It's a long ambient passage, like Plenitude which is on the other hand more orchestral and therefore more touching where the mellotron-synth plays a preponderant role by multiplying the amphibian waves which modulate a psychedelicosmic and surrealist approach, as in the first works of Tangerine Dream (Zeit and Atem). Turning Away is one of the first tracks Indra has composed and it takes full advantage of its 30 minutes in its original version. We are entitled in INTERACTIVE PLAY (The Essential) Vol II to its finale where the sequences whirl under waltzing morphic synth layers and encircling a circular rhythm from which escape small percussions with felted clicks. It's very beautiful and very representative of Indra's minimalist style just like Rustic Pictures from the Kingdom of Light album. The extract proposed exploits the heart of the harmonic envelope of the title with percussions of which the echo of the hammering is topped with violins plowed with jerky bows. Violins dancing with fury, assisted by choirs humming gently under the repeated blows of percussions whose echo is gradually lost in a distant cosmos. Emerging from iodized sighs, Synapse deploys its rhythmic arsenal with a panoply of sequences which crisscross and merge their tones as well as their circular movements around ringing arpeggios which try to create the breaths of an innocent melody. Sequences snake the movement, like dragonfly wings weaving a slightly stroboscopic movement while percussions fall to fatten an already very well nourished rhythm. Synth chords chirp among heavenly breaths, covering this rhythmic crossroads which strangely resembles the last works of Tangerine Dream. This first phase is extinguished in the resonances of a long pulsation whose resonant contours release another rhythmic phase. More robotic and slightly technoïd, this second phase extends over the oscillatory waves of a fluttering sequence residue, laying the foundations for a very beautiful melodious approach that flows with harmonic softness on an arched rhythm on pulsating percussions and melodic sequences which support its hypnotic hammering. Waves and choruses, as well as cosmic tones, surround this gently jerky rhythm which dances in our ears for almost 8 minutes before the last, more morphic phase extinguishes the charming rhythm of Synapse which dies in the menacing and reverberant breaths of its intro.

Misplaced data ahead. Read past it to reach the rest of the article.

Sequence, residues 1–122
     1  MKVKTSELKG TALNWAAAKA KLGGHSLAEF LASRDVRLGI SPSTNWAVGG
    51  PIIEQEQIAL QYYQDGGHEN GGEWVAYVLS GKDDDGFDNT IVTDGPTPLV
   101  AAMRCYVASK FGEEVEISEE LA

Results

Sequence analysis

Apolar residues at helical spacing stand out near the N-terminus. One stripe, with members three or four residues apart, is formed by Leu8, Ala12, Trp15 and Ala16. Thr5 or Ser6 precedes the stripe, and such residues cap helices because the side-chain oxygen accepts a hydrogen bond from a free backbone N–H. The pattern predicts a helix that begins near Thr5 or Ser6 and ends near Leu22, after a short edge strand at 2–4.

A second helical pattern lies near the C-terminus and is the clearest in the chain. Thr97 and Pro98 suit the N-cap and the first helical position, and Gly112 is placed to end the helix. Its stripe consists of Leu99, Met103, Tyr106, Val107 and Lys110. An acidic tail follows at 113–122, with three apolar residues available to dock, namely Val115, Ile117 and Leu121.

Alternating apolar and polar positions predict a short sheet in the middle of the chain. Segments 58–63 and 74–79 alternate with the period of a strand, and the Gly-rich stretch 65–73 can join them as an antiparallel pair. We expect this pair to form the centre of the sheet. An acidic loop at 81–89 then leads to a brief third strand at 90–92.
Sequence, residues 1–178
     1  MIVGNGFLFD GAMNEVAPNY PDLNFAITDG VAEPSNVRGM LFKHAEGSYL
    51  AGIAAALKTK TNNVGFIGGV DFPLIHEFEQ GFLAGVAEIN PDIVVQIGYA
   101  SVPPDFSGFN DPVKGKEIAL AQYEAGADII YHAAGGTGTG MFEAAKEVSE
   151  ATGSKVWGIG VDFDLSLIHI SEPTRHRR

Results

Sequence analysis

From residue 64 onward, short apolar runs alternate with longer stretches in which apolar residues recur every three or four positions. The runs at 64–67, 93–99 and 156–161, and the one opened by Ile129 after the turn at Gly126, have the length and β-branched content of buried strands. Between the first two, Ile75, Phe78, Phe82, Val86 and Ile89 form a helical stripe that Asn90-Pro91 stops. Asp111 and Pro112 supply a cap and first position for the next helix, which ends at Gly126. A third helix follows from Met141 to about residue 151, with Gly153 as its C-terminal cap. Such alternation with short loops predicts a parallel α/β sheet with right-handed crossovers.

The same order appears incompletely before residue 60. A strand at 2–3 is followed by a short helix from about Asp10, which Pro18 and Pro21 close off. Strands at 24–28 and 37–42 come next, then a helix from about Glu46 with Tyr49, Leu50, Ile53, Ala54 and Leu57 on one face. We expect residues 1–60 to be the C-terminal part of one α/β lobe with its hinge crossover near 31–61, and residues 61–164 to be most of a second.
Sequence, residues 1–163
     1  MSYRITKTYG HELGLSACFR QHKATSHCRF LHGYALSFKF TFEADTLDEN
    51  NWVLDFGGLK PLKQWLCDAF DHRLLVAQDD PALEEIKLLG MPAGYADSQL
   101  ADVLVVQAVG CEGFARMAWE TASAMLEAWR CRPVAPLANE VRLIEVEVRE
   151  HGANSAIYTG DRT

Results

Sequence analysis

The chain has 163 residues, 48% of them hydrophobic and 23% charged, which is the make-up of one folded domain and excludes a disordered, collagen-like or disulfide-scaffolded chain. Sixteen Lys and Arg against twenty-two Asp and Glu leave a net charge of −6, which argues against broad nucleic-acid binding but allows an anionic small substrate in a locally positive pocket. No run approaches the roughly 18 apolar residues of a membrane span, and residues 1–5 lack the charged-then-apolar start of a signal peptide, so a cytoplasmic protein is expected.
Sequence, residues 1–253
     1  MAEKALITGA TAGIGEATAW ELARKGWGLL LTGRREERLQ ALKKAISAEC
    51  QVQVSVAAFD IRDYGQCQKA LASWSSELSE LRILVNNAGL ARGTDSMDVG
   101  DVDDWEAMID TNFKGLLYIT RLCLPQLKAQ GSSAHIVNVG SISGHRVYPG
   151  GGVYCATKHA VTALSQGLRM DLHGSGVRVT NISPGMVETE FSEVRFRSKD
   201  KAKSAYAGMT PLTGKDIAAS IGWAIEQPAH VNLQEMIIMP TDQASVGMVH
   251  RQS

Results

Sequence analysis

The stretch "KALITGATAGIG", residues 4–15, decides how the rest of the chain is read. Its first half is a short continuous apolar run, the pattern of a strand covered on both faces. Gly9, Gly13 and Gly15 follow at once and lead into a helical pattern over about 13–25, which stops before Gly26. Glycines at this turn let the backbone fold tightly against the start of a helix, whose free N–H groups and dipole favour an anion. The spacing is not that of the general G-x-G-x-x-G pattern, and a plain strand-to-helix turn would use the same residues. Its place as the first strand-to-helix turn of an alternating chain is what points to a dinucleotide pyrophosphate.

Obviously, INTERACTIVE PLAY (The Essential) Vol II is the perfect complement to Interactive Play (The Essential) Vol. I. The set of 2 CDs offers a nice overview of Indra's first albums which are unfortunately lost in the abysses of time and of its imponderables. I still believe that this is a compilation aimed at fans, allowing them to follow the evolution of the Romanian synthesist in a period of bloom in composition and production since the Romanian synthesist produced no less than 12 albums during this era covered by the 2 volumes of Interactive Play. As for the bonus tracks, they are very good; Synapse being my favorite. Quite frankly, I believe that each of them is worth the cost of each volume of this short series which contains very good tracks in a pool of titles demonstrating all the creativity of this artist who deserves to be recognized at his fair value.

Sylvain Lupari (April 1st, 2012) *****

SynthSequences.com

Available at Indra Bandcamp